The Big Picture in 5

Your 5-Minute Weekly Update on the World’s Biggest Trends and Opportunities

  1. Countdown to a $3.96 Billion Margin Call

MicroStrategy’s Michael Saylor was one of the biggest advocates of bitcoin as it rose and rose throughout 2020 and 2021. His software company started acquiring the cryptocurrency as a Treasury reserve asset, presuming it might be a more stable store of wealth than their dollar-based assets.

It wasn’t, and now Michael Saylor is just a few bad trading days away from a $3.96 billion margin call.

MicroStrategy stock drop after news of potential $3.96 billion margin call

(It’s not actually digital gold.)

That’s how much Saylor’s hoard of bitcoins is worth, $3.96 billion, with a cost average of $30,700 per bitcoin. Presently, it’s trading under $24,000. The magic number where he faces a margin call on his assets is $21,000 per bitcoin.

He can avoid the margin call by adding more collateral, but that’s essentially the same thing. All of this seemed like a great idea of course, back when bitcoin was trading near $70,000 just seven months ago.

Since then, his company’s losses have topped $843 million, with shares dipping from a 52-week high of over $891 to less than $150 today. In that context, selling off a billion dollars in bitcoin might seem trivial.

So, what’s the blowback? Well, MicroStrategy could take a huge hit selling bitcoin at these prices. But they’re also enough of a “whale” that they could drive prices down by selling — further reducing the value of their remaining assets and tanking bitcoin’s price.

It’s a slippery slope for MicroStrategy, and they’re not the only ones on it.

  1. Mom! The Billionaires Are Fighting Again!

When they’re not launching rockets into space or building $500 million ultra yachts, the world’s wealthiest men love to get catty — starting fights online and dragging each other into the media.

Most recently, we’ve had a spat between Tesla founder Elon Musk and Microsoft founder Bill Gates. Bill’s shorting Tesla (essentially betting against it), and in a leaked text exchange between the two, he admitted he hadn’t closed out his short sale.

He then told Elon he’d like to work together on some philanthropy, and this was Musk’s response:

Elon Musk text to Bill Gates Tesla Short

Elon upset about Bill’s shorts.

Since this exchange, Musk has gone on to make a few vulgar jokes about Bill’s appearance (a curious choice for someone with as many hair plugs as Elon). But aside from the joy of watching these two men waste their time on each other, there’s still an important lesson here, especially for Elon…

Short selling is not a bad thing.

Short selling is a healthy market function that helps speed up price discovery and allows investors to call “BS” when a stock’s price has run up too far. At one point, Tesla was only producing 1% of America’s cars, but its market cap was three times larger than Ford, GM and Fiat Chrysler combined. That’s ludicrous, and short sellers called the company out on it.

In this particular case, short selling might even be good for the environment if it means reallocating resources to other electric vehicle companies that would use capital more efficiently in the future.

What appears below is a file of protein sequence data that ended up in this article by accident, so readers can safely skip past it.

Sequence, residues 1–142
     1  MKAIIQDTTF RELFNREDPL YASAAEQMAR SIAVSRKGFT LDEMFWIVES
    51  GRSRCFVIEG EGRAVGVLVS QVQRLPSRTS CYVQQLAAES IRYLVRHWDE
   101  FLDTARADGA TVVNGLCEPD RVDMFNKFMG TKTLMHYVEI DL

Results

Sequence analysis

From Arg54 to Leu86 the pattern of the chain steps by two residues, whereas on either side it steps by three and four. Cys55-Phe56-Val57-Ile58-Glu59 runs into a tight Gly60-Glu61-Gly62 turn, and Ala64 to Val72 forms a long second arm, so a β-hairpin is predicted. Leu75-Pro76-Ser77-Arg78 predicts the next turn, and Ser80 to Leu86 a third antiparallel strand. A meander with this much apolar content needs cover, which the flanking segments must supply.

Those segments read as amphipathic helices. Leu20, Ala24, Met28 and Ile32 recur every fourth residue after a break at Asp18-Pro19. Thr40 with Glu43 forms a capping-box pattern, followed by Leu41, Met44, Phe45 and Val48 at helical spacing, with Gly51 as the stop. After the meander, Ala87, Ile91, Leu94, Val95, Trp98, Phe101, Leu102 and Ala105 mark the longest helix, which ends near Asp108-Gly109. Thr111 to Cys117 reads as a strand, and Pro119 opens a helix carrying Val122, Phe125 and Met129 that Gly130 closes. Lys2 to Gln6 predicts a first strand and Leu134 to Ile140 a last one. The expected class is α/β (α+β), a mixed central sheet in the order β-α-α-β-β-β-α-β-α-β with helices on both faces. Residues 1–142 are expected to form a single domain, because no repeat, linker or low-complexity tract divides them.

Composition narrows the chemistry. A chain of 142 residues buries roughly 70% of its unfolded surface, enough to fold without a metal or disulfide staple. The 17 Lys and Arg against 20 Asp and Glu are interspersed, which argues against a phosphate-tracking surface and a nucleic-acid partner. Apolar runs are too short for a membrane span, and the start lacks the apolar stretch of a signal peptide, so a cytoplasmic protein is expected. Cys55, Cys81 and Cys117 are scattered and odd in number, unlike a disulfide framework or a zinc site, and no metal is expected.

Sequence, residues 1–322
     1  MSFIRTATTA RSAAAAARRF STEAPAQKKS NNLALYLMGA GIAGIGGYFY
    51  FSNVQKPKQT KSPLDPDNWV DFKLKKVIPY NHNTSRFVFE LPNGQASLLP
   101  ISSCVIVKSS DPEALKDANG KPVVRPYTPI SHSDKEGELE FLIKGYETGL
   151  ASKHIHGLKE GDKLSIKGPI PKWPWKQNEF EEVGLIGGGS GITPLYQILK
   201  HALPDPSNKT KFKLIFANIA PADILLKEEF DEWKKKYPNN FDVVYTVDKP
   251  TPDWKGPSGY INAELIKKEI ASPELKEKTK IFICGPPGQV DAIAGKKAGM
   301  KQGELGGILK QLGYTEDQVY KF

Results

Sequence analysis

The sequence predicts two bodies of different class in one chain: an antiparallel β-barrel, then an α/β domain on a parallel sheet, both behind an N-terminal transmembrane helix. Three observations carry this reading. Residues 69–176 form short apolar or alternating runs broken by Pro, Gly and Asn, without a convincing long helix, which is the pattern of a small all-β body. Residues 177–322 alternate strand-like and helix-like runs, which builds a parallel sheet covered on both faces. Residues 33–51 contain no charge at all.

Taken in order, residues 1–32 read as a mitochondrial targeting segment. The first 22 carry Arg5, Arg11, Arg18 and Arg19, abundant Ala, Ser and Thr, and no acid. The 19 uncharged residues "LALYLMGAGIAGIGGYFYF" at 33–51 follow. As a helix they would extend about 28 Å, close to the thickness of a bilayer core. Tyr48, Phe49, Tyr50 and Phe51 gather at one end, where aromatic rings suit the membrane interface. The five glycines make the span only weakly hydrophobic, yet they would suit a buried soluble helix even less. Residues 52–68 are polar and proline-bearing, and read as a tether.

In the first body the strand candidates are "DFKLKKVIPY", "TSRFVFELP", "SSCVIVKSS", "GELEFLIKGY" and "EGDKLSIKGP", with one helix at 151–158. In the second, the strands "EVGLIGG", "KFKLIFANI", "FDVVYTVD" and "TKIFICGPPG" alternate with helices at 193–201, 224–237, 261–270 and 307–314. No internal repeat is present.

1. Who’s Winning Russia’s War With Ukraine? India.

War makes strange bedfellows — and Russia’s invasion of Ukraine is no different.

According to a report from, India has gone from importing practically zero Russian oil before the war to bringing in 800,000 barrels per day. While Europe struggles under self-imposed sanctions, the subcontinent is raking in low-price fuel and sending Russian oil revenue even higher than it was at the start of the war.

India is even benefitting from reduced tension along its border with China due to the conflict.

India Russian oil surplus

We recently reported on how China’s imports of Russian oil were threatening petrodollar supremacy. This is yet another example of new and emerging power dynamics that don’t feature America as the center of the universe — or even part of it at all, really.

  1. An “Easy” 262% Gain

Meanwhile, back in the U.S. and Europe, natural gas has been the biggest winner of the conflict. Many countries are beginning to realize the high political cost of cheap Russian oil and gas, and now they’re willing to pay a premium for the alternative.

The VelocityShares 3x Long Natural Gas ETN (OTC: UGAZF) is a 3X leveraged exchange-traded fund (ETF) based on the GSCI Natural Gas Index. When it was first recommended by Ted Bauman in mid-March, it was up 75% year to date. Now, less than three months later, it’s up another 262% from Ted’s initial recommendation.

As he explains in the initial article, this is a leveraged ETF, so it’s not ideal for long-term holding. But for those who have held, the gains are pretty outstanding.

  1. Remember the Dot-Com Boom? The Market Remembers…

Back in 2000, the dot-com bubble popped.

Countless tech companies with little to offer (other than the promise of future profits) all tanked. After rising 400% between 1995 and 2000, these bygone growth stocks tanked the Nasdaq by a massive 76% once people realized wasn’t ever going to pay off.

And some of today’s hottest growth stocks are now crashing in much the same fashion:

Stock indices tracking dot-com losses

Stock indices tracking dot-com losses.

Of course, past performance is no guarantee of future gains (or losses in this case).

And every new market downturn always comes with an ominous chart overlay from the Great Depression, the financial crash or the dot-com bust. There’s always some new pattern to fret over. But without any clear bottom in sight, these kinds of charts become even more distressing.

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